Database Query

What is a Database Query?

In common language, a query is a request for information. A database is a repository of information where organizations store, access, write, and delete data. Thus, a database query is a request for information from the database written in syntax.

Queries help Database Administrators (DBAs) or other users access data from a database management system (DBMS) where information is organized in tables or collections of related data.

A query retrieves and presents this data in human-readable forms like tables, graphs, and pictorials. A database query is a communication code between a user and a machine. The query helps the machine understand the command and perform the specific action. There are various database query languages to write a query.

What’s the Common Database Query Language?

Creating, accessing, and manipulating data on a database requires giving instructions in a programming language called query language. SQL (Structured Query Language) is the oldest and most prominent query language.

SQL code snippets called queries can access, manage, and manipulate data in a relational database management system (RDBMS) where data is organized and structured into various relational groups.

The SQL input commands are simple, similar to the English language sentences. For example, a simple SQL command, SELECT column1 FROM my_table, will select the specified column from the specific table.

There are some other query languages for database communication:

  • SQL
  • Datalog
  • DMX
  • XQuery
  • GraphQL

Performing a Database Query

Performing a database query involves several steps. The following is how to perform a database query using SQL commands.

Identifying the Objective

Before writing a query, the DBA or the user must clearly define what information to retrieve or manipulate from the database. This could involve selecting specific data from tables, updating existing records, or performing calculations.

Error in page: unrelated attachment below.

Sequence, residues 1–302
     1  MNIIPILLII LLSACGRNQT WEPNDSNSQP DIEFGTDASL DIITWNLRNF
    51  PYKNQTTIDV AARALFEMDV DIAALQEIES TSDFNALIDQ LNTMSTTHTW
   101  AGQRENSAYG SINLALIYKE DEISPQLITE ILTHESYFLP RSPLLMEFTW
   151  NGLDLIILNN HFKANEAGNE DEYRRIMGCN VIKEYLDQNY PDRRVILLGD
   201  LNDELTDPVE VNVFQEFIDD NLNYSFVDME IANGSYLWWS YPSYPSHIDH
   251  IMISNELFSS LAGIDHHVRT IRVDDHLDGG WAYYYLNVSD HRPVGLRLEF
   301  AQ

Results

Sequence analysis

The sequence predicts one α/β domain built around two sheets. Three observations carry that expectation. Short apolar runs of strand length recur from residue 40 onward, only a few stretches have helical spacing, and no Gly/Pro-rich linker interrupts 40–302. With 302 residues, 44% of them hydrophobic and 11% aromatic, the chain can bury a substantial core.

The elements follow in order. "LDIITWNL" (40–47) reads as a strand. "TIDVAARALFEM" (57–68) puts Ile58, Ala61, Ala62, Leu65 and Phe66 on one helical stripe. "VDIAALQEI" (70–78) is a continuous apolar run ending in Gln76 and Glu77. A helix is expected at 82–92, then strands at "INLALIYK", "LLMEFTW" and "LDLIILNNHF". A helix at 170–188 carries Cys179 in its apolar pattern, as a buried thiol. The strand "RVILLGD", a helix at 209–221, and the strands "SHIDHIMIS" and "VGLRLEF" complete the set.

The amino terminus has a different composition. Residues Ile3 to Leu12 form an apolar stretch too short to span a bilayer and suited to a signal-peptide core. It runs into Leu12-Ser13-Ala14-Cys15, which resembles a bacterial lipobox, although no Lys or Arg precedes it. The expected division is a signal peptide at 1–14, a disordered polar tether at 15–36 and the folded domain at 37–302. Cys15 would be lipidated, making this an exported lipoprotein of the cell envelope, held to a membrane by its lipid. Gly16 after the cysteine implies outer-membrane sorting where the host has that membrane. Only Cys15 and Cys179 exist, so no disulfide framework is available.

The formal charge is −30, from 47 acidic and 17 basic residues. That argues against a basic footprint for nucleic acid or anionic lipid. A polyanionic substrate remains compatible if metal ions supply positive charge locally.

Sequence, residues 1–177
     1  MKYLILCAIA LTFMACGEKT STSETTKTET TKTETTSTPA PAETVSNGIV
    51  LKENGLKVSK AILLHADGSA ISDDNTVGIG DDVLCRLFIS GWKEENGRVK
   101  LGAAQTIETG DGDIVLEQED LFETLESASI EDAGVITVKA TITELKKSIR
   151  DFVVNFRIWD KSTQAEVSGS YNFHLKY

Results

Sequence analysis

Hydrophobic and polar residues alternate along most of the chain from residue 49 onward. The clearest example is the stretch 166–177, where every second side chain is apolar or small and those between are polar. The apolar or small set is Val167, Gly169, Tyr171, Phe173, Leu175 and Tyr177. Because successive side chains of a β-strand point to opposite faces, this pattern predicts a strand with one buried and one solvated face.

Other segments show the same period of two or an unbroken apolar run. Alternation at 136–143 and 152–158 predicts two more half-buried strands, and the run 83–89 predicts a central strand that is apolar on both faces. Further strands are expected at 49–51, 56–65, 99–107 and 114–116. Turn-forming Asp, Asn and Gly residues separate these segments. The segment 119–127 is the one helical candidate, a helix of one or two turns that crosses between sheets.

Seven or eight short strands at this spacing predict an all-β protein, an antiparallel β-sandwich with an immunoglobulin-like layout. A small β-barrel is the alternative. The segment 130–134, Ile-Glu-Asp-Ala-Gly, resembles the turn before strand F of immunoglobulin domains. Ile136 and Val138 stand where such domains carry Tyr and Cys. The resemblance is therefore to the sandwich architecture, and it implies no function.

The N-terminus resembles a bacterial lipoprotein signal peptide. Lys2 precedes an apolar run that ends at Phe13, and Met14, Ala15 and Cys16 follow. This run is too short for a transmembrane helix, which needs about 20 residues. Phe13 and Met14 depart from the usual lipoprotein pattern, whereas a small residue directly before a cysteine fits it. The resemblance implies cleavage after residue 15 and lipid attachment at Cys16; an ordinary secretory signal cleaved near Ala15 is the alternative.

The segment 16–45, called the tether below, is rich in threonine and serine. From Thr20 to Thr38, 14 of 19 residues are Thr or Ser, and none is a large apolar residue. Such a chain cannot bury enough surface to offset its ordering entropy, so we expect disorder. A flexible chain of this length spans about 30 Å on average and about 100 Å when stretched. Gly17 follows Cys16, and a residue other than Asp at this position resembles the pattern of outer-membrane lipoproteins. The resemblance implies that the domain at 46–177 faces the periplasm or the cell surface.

Writing the Query

After identifying the objective, writing a query is the next step. There are many SQL commands to construct a query.

Some essential commands are:

  • SELECT: Use this command to retrieve data from one or more tables.
  • INSERT: This command adds new records to a table.
  • UPDATE: It is to modify existing records in a table.
  • DELETE: The command removes records from a table quickly. It enables setting the criteria for data deletion from a table.
  • CREATE TABLE: This command helps create a new table in the database.
  • ALTER TABLE: Use this command to modify the structure of an existing table.
  • DROP TABLE: To delete a table entirely from the database, use the DROP TABLE command.
  • PARAMETER: The command enables setting criteria for selecting data records.

Executing the Query

The next process after writing the query is executing it against the database. The DBA or the user can use the database client tool’s interface or execute SQL statements in a programming language such as Python, Java, or PHP for query execution.

Retrieving and Interpreting Results

After executing the query, review the results returned by the database. The results must match the expectations. If not, interpret the query and look for anomalies.

Handling Errors and Refining the Query

If the query doesn’t produce the expected results or errors appear, reviewing and modifying it is essential. It is known as query optimization. Reviewing the SQL syntax, database schema, and query logic will help address any issues with the query.


Test the optimized queries thoroughly to ensure they produce the desired results under various conditions. By observing the testing results, iterate the queries to get optimal performance.

Database Query Optimization

Wrong or inefficient database queries are the most common reason for the poor performance of a DBMS. They reduce system response time, increase the use of server resources, and make the DBMS ineffective.

To improve database performance, optimizing queries is essential. There are many ways to optimize queries. But, optimizing every query is unnecessary and tedious. The DBA must be selective.

The best way to select which query to optimize is to look at the query’s execution plan and server resource utilization and compare historical data with established baselines.

Some ways to database query optimization are:

  • Using indexes
  • Minimizing subqueries
  • Caching
  • Proactive query performance monitoring